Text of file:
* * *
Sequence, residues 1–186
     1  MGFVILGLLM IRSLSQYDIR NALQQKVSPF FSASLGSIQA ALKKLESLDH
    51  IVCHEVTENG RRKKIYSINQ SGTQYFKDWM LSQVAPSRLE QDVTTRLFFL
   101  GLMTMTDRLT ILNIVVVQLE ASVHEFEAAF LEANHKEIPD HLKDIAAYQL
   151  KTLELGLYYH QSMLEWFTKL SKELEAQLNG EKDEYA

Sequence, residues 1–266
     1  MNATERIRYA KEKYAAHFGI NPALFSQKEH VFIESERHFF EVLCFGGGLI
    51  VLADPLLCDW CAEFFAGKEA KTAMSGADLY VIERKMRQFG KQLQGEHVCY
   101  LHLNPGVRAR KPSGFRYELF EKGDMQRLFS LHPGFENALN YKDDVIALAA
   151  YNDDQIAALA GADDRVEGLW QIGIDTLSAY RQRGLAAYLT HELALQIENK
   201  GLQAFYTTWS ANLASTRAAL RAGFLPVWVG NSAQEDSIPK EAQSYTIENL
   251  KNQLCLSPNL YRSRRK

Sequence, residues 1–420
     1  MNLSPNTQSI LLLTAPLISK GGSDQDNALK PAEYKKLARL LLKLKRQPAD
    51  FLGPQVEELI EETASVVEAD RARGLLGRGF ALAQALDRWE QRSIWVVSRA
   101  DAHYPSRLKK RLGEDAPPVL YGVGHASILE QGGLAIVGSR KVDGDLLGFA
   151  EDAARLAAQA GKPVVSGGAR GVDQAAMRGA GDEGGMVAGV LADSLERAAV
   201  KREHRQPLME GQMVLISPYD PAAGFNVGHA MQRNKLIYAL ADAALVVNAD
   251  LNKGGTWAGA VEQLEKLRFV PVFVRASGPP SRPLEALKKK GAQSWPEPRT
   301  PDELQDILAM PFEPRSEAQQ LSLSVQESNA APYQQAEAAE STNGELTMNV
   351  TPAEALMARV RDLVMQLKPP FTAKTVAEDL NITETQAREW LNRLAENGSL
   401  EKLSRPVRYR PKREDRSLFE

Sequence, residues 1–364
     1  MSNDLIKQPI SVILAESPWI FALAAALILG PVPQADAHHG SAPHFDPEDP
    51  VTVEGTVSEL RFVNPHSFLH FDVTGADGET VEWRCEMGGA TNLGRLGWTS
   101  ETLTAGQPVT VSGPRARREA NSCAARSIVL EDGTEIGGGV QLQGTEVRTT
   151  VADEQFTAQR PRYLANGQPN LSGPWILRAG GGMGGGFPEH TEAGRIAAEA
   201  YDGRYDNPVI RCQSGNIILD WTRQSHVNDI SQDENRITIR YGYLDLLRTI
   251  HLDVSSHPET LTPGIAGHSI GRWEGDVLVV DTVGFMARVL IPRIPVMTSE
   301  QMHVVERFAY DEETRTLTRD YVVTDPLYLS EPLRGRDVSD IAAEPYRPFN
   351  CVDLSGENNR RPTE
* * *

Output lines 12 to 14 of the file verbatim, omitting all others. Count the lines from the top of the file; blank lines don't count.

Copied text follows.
   251  KNQLCLSPNL YRSRRK

Sequence, residues 1–420
     1  MNLSPNTQSI LLLTAPLISK GGSDQDNALK PAEYKKLARL LLKLKRQPAD